JL - posted on 02/21/2010

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OMG I LOOOVEE Yo Gabba Gabba. I love the idea that my kids are watching a show inspired by a band that I have seen in numeous concerts a band I still listen to. The Aquabats rock...they are a ska band that inspired the characters and the show. They dress up like super heros and have this whole fantasy about being from another land and fighting bad guys. It is like watching a bunch of guys who are totally obsessed with super hero comics live out their fantasy on stage while playing kick ass ska music. DJ Lance was and is a frequent character who comes on stage and most of the foes they fight on stage are what they characters on Yo Gabba Gabba are based on. Their music is fun and their shows whimsical. It is music a parent who likes Ska can listen to with their kids. They have songs called Super Rad, Pizza Day, Pool Party and so on. It's all fun, magical and about maintaining your imagination.



I think this over the top PC parental guidance ratings are stupid. How many shows anymore are actually PG hardly any. Almost everything is PG13 because gosh forbid our kids have to distinguish between reality and imperfect fantasy.I watched He-Man growing up and I have yet to pull out a sword and try to attack an evil overlord.



It' s music parents can skank with their kids to. It's SKASOME!

Jane - posted on 02/21/2010

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Well this explains why I'm so f-up! Should I bring a law suit against them? Sesame Street is pretty much all I watched when I was little.
The whole idea of all this just boggles my mind. No one is perfect including Sesame Street characters. If all the characters are perfect in our kids shows what does that teach them? It teaches them that they aren't good enough?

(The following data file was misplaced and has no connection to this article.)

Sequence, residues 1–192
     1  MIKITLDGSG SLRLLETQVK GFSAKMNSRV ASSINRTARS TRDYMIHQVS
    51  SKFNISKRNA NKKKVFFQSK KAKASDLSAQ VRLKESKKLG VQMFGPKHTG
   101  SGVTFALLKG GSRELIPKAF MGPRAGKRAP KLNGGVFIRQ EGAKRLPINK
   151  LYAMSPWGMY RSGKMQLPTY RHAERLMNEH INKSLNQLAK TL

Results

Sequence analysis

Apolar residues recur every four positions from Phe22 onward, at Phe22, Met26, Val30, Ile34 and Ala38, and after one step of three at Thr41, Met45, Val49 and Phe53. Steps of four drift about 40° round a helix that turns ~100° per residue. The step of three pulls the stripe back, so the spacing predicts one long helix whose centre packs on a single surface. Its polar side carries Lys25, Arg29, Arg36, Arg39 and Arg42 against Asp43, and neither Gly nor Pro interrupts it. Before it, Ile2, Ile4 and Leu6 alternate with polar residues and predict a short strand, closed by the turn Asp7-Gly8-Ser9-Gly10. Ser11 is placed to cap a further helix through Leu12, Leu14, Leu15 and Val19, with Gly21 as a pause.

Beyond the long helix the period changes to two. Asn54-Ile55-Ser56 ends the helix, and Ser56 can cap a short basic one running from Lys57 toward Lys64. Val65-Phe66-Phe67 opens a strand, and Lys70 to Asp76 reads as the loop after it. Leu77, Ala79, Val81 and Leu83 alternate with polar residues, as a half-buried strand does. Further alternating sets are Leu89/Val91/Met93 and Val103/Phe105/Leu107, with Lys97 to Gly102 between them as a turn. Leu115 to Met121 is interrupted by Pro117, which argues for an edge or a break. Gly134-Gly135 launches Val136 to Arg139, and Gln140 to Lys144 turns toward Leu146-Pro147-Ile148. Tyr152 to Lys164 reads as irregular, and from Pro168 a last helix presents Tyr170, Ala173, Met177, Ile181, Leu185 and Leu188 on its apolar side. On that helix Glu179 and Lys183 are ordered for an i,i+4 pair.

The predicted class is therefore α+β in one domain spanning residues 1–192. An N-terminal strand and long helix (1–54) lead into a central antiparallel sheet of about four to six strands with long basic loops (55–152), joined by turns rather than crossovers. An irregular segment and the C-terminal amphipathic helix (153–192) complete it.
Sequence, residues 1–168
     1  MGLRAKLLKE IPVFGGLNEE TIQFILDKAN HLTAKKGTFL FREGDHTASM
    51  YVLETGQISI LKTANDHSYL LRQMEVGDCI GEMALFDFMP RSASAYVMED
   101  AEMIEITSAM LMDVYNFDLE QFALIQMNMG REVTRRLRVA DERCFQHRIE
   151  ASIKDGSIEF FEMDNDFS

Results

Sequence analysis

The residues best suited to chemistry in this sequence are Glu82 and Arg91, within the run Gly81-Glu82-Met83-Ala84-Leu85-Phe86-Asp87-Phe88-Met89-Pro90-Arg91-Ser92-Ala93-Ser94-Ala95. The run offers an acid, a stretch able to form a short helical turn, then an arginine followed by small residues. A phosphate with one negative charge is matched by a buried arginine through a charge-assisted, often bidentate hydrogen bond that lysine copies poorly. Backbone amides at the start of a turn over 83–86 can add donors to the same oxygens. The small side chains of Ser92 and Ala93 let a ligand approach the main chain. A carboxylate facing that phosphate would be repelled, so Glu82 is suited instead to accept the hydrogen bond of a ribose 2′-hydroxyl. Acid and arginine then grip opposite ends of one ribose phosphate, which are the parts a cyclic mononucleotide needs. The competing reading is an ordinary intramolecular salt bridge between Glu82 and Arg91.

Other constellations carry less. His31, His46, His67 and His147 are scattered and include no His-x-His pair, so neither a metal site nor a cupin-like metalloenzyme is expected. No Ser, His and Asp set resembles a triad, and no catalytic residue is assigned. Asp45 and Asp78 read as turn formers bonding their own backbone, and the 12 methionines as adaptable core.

[deleted account]

I really want to get the pack of supposed "bad" shows and watch them to see if it is even an issue...I watched the shows in the early 90's but cant remember anything...

Johnny - posted on 02/20/2010

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Besides Hockey and ads, the only thing on television that has ever interested my daughter (18 mos.) is Sesame Street. She loves Elmo. We picked her up some of the vintage Sesame Street DVD's to watch when she is a bit older, and we laughed at the warning. I did not even take it the slightest bit seriously. Luckily for me, she has not gotten into Yo Gabba Gabba, In the Night Garden or Telebubbies. Those shows are so boring. Yesterday I popped on the tv for a few minutes and she did seem interested in this children's "news" program with ants as reporters catching up on what kids were doing around the neighbourhood. Seemed like a great show to me, has anyone heard of it because I didn't catch the name.

Charlene - posted on 02/20/2010

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My daughter is only 6 months, so she RARELY gets to watch TV, but I have to admit that she looooves Sesame Street and Elmo's World. She loves when Elmo talks to the baby!! :P

I grew up with Sesame Street and I turned out fine. I would much rather my daughter watch that as opposed to 'In the Night Garden'. That show gives me the creeps.

Lady - posted on 02/19/2010